This Is Why Google Aims To Set An Official Standard For Using Robots.txt


SEO experts and webmasters have been following the unofficial rules outlined in the Robots Exclusion Protocol (REP) for the past 25 years when using robots.txt. With this, the publishers are allowed to pick what they want to be crawled on their website, and interested users can view them. The said rules are also observed by Googlebot, other major crawlers, and almost 500 million sites that depend on REP. And now, Google has finally proposed to standardise these rules.

Google noted the challenge caused by these unofficial rules to SEO professionals and website owners since they are ambiguously written. Therefore, the search engine giant has documented how the REP is used today and forwarded their findings to the Internet Engineering Task Force (IETF) for review. It is important to note though that the draft does not alter any rules established in 1994, but only updated for modern usage.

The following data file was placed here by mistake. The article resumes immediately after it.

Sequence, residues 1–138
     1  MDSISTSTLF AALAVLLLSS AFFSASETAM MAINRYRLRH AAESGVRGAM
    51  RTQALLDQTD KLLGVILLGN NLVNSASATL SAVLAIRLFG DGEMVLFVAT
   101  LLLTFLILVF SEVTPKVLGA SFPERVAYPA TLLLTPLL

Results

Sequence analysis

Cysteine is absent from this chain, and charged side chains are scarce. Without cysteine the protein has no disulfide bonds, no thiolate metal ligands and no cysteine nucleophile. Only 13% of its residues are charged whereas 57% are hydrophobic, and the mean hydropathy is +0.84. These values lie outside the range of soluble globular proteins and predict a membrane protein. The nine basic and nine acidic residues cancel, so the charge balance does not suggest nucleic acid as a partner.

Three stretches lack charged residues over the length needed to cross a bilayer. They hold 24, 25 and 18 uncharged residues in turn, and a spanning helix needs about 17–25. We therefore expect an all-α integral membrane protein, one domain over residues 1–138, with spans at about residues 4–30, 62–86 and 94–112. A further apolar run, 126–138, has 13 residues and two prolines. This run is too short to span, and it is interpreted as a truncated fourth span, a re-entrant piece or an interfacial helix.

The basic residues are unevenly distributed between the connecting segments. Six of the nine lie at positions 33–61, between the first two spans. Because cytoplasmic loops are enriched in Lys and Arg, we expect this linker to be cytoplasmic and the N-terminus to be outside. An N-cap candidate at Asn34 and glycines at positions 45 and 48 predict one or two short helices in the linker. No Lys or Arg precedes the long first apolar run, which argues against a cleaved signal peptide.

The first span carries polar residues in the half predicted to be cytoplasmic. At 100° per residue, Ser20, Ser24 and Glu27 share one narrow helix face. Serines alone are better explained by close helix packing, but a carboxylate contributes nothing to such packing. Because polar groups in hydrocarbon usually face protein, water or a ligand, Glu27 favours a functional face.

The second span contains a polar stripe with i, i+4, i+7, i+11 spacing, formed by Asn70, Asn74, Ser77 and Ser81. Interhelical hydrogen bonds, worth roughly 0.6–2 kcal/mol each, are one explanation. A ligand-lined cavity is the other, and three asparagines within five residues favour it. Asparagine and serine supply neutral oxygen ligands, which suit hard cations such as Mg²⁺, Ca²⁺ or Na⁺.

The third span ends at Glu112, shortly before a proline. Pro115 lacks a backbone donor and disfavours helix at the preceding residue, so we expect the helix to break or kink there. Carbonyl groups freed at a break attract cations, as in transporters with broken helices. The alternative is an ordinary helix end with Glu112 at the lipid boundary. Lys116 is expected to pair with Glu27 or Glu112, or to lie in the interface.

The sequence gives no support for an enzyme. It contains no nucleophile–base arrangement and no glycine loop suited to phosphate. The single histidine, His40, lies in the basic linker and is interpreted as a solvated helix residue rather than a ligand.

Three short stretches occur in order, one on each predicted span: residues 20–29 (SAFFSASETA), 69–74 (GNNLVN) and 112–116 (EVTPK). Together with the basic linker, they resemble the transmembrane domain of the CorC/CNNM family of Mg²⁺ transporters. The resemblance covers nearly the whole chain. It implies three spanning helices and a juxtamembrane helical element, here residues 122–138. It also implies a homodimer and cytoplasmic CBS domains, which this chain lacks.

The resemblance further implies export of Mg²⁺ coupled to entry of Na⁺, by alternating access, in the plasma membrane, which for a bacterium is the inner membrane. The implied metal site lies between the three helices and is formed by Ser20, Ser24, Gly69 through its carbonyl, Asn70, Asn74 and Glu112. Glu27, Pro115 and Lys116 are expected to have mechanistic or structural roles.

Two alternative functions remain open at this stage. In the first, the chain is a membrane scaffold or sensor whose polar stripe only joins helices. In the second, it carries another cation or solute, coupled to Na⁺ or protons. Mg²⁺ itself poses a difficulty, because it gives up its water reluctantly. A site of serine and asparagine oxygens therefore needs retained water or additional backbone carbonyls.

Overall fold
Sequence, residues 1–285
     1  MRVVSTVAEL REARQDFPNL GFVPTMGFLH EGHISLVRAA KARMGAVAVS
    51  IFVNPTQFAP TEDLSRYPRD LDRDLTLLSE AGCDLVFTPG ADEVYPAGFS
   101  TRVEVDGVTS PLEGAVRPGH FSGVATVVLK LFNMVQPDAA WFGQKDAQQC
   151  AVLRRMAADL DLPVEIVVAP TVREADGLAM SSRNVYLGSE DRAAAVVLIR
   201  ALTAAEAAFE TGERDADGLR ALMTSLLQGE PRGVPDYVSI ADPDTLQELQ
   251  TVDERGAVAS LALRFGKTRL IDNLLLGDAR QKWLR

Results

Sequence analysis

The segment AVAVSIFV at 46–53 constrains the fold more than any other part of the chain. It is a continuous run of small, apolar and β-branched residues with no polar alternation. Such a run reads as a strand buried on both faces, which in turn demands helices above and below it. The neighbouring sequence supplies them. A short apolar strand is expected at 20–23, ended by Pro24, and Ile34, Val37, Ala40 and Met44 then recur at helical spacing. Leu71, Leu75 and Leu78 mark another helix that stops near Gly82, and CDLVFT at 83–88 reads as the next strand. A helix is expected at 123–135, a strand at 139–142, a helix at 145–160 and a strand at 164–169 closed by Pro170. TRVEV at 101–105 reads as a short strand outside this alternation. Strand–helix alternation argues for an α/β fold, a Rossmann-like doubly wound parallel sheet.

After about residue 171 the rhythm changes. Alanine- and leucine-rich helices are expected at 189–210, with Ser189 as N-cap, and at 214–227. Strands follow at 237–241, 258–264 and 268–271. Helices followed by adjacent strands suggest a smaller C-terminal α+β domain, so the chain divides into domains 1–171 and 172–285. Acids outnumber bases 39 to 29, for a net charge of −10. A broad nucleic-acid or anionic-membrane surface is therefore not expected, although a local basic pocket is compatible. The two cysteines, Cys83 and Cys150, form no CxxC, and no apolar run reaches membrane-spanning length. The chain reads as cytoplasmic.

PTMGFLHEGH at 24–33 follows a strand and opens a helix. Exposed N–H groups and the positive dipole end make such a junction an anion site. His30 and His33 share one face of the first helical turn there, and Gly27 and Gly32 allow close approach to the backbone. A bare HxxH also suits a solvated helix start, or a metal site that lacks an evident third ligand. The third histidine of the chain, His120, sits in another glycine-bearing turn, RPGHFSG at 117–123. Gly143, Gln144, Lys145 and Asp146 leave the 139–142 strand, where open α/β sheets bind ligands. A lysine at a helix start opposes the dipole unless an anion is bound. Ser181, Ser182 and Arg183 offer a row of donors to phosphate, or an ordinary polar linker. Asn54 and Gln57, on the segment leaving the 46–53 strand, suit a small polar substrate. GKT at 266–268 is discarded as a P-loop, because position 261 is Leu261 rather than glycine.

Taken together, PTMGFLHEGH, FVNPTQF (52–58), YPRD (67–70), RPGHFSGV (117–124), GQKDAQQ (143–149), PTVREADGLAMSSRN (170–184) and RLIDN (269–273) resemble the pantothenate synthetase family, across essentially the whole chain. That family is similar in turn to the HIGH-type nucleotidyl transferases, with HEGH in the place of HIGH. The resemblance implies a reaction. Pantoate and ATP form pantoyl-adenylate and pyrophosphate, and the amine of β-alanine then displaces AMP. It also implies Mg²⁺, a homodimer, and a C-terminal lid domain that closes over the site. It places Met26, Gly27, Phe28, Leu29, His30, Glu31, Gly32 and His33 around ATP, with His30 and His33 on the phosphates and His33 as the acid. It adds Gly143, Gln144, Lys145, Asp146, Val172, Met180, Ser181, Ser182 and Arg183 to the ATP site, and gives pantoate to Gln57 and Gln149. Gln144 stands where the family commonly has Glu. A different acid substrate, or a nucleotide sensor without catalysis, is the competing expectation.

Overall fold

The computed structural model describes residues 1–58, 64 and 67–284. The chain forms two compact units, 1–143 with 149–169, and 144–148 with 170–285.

Some of the updated rules are: (1) at least the first 500 kibibytes of a robots.txt must be parsed by developers, (2) known disallowed pages are not crawled for a considerable amount of time when a robots.txt file becomes inaccessible because of server failures, and (3) the use of robots.txt is not limited to HTTP anymore and can now be used by any URI based transfer protocol, CoAP, and FTP.

Google encourages everyone to send their feedback on the proposed draft so they can make it the best version.

Information used in this article was gathered from https://www.searchenginejournal.com/google-wants-to-establish-an-official-standard-for-using-robots-txt/314817/.

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